Mutations in PYCR2, encoding pyrroline-5-carboxylate reductase 2, cause microcephaly and hypomyelination

Tojo Nakayama, Almundher Al-Maawali, Malak El-Quessny, Anna Rajab, Samir Khalil, Joan M. Stoler, Wen Hann Tan, Ramzi Nasir, Klaus Schmitz-Abe, R. Sean Hill, Jennifer N. Partlow, Muna Al-Saffar, Sarah Servattalab, Christopher M. Lacoursiere, Dimira E. Tambunan, Michael E. Coulter, Princess C. Elhosary, Grzegorz Gorski, A. James Barkovich, Kyriacos MarkianosAnnapurna Poduri, Ganeshwaran H. Mochida

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61 Citations (Scopus)


Despite recent advances in understanding the genetic bases of microcephaly, a large number of cases of microcephaly remain unexplained, suggesting that many microcephaly syndromes and associated genes have yet to be identified. Here, we report mutations in PYCR2, which encodes an enzyme in the proline biosynthesis pathway, as the cause of a unique syndrome characterized by postnatal microcephaly, hypomyelination, and reduced cerebral white-matter volume. Linkage mapping and whole-exome sequencing identified homozygous mutations (c.355C>T [p.Arg119Cys] and c.751C>T [p.Arg251Cys]) in PYCR2 in the affected individuals of two consanguineous families. A lymphoblastoid cell line from one affected individual showed a strong reduction in the amount of PYCR2. When mutant cDNAs were transfected into HEK293FT cells, both variant proteins retained normal mitochondrial localization but had lower amounts than the wild-type protein, suggesting that the variant proteins were less stable. A PYCR2-deficient HEK293FT cell line generated by genome editing with the clustered regularly interspaced short palindromic repeat (CRISPR)-Cas9 system showed that PYCR2 loss of function led to decreased mitochondrial membrane potential and increased susceptibility to apoptosis under oxidative stress. Morpholino-based knockdown of a zebrafish PYCR2 ortholog, pycr1b, recapitulated the human microcephaly phenotype, which was rescued by wild-type human PYCR2 mRNA, but not by mutant mRNAs, further supporting the pathogenicity of the identified variants. Hypomyelination and the absence of lax, wrinkly skin distinguishes this condition from that caused by previously reported mutations in the gene encoding PYCR2's isozyme, PYCR1, suggesting a unique and indispensable role for PYCR2 in the human CNS during development.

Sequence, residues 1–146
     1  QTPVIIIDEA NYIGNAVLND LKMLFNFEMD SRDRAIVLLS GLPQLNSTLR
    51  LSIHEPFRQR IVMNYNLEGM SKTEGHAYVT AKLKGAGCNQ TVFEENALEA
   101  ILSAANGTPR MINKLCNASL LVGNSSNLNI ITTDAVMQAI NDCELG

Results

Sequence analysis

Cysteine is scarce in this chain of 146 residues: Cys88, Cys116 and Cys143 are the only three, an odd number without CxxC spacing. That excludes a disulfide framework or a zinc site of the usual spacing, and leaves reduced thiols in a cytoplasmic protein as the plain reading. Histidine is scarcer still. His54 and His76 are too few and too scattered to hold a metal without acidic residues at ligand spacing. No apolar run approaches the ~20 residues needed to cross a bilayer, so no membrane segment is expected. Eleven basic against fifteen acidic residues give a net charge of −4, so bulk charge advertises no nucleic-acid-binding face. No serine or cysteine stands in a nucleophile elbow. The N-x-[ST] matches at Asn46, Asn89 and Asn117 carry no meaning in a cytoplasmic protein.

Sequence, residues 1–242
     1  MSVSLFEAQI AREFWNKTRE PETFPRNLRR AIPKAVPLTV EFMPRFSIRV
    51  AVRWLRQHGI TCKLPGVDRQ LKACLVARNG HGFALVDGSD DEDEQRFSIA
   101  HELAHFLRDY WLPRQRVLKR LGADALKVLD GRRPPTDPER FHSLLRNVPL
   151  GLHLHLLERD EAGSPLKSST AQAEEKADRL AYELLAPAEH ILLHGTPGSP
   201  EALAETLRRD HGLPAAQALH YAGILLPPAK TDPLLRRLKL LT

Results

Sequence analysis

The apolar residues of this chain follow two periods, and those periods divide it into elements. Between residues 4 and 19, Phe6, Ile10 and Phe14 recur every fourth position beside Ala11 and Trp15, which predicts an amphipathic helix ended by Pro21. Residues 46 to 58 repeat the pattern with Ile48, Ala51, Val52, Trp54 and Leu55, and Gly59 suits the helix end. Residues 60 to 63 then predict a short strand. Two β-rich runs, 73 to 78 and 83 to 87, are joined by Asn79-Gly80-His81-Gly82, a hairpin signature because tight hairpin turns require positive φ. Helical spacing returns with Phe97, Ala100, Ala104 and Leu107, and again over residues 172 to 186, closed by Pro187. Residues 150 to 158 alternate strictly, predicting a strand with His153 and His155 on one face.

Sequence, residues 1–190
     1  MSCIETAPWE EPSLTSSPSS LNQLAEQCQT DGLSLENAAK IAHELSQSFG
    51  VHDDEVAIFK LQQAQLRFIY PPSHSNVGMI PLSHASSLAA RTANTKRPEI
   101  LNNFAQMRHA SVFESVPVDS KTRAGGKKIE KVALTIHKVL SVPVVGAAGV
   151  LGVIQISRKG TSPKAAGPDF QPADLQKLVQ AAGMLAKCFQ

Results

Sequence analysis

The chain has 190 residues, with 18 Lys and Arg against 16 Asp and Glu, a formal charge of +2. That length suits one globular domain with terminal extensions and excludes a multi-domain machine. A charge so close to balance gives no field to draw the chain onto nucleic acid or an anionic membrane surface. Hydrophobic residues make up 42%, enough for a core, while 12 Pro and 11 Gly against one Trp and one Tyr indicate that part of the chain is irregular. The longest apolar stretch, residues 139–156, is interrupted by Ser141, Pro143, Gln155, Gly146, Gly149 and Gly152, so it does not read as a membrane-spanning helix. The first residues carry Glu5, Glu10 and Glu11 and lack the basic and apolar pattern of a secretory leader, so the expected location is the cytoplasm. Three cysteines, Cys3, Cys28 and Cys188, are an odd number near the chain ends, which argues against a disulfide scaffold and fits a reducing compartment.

Original languageEnglish
Pages (from-to)709-719
Number of pages11
JournalAmerican Journal of Human Genetics
Issue number5
Publication statusPublished - May 7 2015

ASJC Scopus subject areas

  • Genetics
  • Genetics(clinical)


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